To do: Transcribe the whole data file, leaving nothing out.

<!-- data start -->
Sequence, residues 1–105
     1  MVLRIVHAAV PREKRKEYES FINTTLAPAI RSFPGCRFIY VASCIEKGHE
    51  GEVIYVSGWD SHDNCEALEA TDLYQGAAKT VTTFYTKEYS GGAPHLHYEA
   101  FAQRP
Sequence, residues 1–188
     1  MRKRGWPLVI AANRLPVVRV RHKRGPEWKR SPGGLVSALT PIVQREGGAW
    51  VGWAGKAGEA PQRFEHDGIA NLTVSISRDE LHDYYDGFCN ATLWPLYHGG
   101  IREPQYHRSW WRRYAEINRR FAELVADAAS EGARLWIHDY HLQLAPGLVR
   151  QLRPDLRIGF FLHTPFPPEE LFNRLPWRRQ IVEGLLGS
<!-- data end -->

Sequence, residues 1–105
     1  MVLRIVHAAV PREKRKEYES FINTTLAPAI RSFPGCRFIY VASCIEKGHE
    51  GEVIYVSGWD SHDNCEALEA TDLYQGAAKT VTTFYTKEYS GGAPHLHYEA
   101  FAQRP
Sequence, residues 1–188
     1  MRKRGWPLVI AANRLPVVRV RHKRGPEWKR SPGGLVSALT PIVQREGGAW
    51  VGWAGKAGEA PQRFEHDGIA NLTVSISRDE LHDYYDGFCN ATLWPLYHGG
   101  IREPQYHRSW WRRYAEINRR FAELVADAAS EGARLWIHDY HLQLAPGLVR
   151  QLRPDLRIGF FLHTPFPPEE LFNRLPWRRQ IVEGLLGS